Equality means equality for everyone.
Justin Trottier, executive director of the Canadian Association ( CAFE), would not speculate on whether the outcome might be different if the accused were a man and the victim a girl. But he does believe the criminal justice system has an inherent bias against males in some cases.
Trottier, whose group has stirred controversy for its campaign to raise awareness about domestic violence against men, said when a woman is accused of a sexual offence against a boy, the assumption is that the boy got lucky, he wanted it, he must have been sexually aggressive or that it didn’t cause him any harm.
“These are all myths. Boys can be sexually abused, and it certainly does harm them to the same extent as it does girls who are sexually abused,” he said.
Relying on facial hair, the fact the complainant smoked or seemed familiar with sex should not be legal grounds for assuming age of consent, he said.
Congratulations Carolyn for your efforts to raise awareness of this difficult but important issue! This is the kind of work that makes CAFE proud.
We asked Carolyn to write up a short description of her work, which is as follows:
The paper introduces the importance of the international norm of ‘The Responsibility to Protect’ (R2P) and the relationship it bears to children in war zones and more particularly to the use of child soldiers in the contemporary world’s many conflicts. The author argues that the Responsibility to Protect should be called upon to protect such children before, during and after armed conflict. One of the many illegal acts to which children (mostly boys) fall victim is recruitment by armed forces and armed groups. On the one hand, various conventions have been introduced at the international level that provide different kinds of protection for child soldiers depending on age (i.e., age 15 or 18). On the other hand, in spite of these laws and conventions, Dallaire tells us that the child soldier “has become the weapon of choice in over thirty conflicts around the world, for governments and non-state actors alike.”
In spite of the fact that over 120 countries are state parties to the Rome Statute (the founding treaty of the International Criminal Court (ICC)), the practice of training children to kill and commit war crimes and human atrocities continues in many countries. Thousands of children are still abducted, beaten into submission or join out of feelings of revenge, to escape poverty, or to defend their communities in war zones such as Syria, South Iraq and Yemen.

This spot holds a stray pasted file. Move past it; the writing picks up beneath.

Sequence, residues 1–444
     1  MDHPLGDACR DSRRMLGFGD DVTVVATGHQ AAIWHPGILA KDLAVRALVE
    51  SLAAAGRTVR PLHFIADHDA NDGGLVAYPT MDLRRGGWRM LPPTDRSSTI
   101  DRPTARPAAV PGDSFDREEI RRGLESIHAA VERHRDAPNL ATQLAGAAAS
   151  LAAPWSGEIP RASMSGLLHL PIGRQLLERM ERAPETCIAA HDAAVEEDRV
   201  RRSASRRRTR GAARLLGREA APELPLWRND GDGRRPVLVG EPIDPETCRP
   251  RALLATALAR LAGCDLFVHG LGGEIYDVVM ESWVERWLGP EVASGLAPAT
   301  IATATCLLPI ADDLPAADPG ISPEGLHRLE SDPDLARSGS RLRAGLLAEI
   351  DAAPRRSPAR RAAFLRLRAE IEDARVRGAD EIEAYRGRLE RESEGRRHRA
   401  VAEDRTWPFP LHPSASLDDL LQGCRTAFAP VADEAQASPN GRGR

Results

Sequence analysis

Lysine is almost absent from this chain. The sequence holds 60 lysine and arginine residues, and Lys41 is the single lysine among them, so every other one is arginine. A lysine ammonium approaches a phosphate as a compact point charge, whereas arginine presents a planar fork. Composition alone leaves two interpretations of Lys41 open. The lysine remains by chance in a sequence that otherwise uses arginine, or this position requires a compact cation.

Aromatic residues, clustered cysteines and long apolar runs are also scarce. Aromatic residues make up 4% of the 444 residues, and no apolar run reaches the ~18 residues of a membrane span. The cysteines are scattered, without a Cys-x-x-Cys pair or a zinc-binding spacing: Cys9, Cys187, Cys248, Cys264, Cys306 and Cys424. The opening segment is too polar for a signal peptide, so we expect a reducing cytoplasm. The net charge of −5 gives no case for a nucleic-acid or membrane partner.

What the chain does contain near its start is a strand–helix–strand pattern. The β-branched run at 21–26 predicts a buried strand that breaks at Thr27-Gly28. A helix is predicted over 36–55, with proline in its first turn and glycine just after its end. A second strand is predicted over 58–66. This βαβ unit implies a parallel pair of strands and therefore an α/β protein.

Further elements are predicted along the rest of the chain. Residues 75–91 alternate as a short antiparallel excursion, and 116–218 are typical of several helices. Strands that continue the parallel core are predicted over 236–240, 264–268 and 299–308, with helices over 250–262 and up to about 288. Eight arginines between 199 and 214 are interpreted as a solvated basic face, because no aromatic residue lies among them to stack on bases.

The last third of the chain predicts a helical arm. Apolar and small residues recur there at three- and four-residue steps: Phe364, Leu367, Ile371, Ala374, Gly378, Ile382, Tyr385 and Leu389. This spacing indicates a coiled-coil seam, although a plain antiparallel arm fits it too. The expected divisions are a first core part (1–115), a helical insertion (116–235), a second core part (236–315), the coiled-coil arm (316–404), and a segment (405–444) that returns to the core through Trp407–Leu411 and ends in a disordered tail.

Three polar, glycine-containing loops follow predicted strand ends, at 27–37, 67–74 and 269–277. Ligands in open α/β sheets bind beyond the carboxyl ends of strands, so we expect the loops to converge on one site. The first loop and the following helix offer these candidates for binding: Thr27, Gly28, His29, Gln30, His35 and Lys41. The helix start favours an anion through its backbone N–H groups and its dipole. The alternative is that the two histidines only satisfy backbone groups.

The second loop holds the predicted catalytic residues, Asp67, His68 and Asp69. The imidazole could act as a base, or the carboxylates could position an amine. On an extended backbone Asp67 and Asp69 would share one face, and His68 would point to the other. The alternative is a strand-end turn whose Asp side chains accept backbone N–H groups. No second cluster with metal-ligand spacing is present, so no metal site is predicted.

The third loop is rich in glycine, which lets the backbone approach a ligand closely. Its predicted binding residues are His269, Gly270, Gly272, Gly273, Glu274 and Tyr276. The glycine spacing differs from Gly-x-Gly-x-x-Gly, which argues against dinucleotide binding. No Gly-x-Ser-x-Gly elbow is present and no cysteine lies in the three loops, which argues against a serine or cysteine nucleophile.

A UNICEF report on violations suffered by children reports an unprecedented number of children have been “maimed, killed and recruited for combat roles in 2016. Since 2014, warring sides have recruited younger children – some as young as seven. More than half of children recruited in cases verified by UNICEF in 2015 were under 15. In 2010 the greatest area of child soldiers was Africa (around 100,000 children). They were also in Guinea, the Ivory Coast, the Democratic Republic (DR) of Congo, Chad, Sudan, Somalia, Uganda, Rwanda and Burundi and Asia, Myanmar, Sri Lanka (Tamil Tigers) Middle East: Israel, the Palestinian Territories and Iraq, Latin America and Colombia. These children are regularly encouraged to commit suicide attacks or are used as human shields.
The study shows that children may or may not become child soldiers of their own free will. In fact, the evidence suggests that children are most often forced or abducted into violent groups seeking their help. And, even if they are considered to be joining on a voluntary basis, the question of what is considered ‘voluntary’ is consistently under debate. Children in combat situations often find themselves without family, without food or shelter, without safety or security or education and see the fighters as a form of security and hope. Once in, they are often subject to numerous forms of abuse and exploitation including beatings, drugs, and sexual assault and are forced to commit heinous crimes for fear of their own lives.
The study looks further into the predicament of the child soldier as refugee and any existing regulations or laws that have been developed to help the child soldier integrate into a new country when returning to their own family and society is not an option. The relevant national and international humanitarian laws are emphasized in a world where the immigration and refugee crisis appears to be hardening prospects of entry for refugees (especially boys) who are, by definition, in extreme difficulty. The author reminds the reader of these children at risk and the efforts that need to be made by the international community to alleviate or prevent their suffering and to reintegrate them into society as contributing members with a legitimate, and safe, status and that they must not be forgotten in the rush to put national security ahead of humanitarian principles or concerns.
York Pride Fest
Healthy Fathers Make Healthy Families – Word on the Street
CAFE AGM Elects New Board of Directors
Thank you to the nearly 50 people who participated in our Annual General Meeting on June 15, 2017. We want to especially acknowledge all candidates in this year’s election for the Board of directors. The level of participation is testament to the growth of CAFE.
The membership approved an updated and much modernized set of National By-Laws which will support our organization’s growing governance and infrastructure. Click here to read the new CAFE By-Laws
With the passage of these bylaws, henceforth Directors will serve a staggered 2 year term, with 6 out of 12 Director positions elected at each AGM.
Congratulations to our newly elected Board of Directors:
Elected to a 2 year term:
Elected to a 1 year term:
Thank you for joining us from all across Canada. We had representation from Vancouver, Montreal, Ottawa, Saskatoon, London, Toronto and points beyond!
See you all again very soon.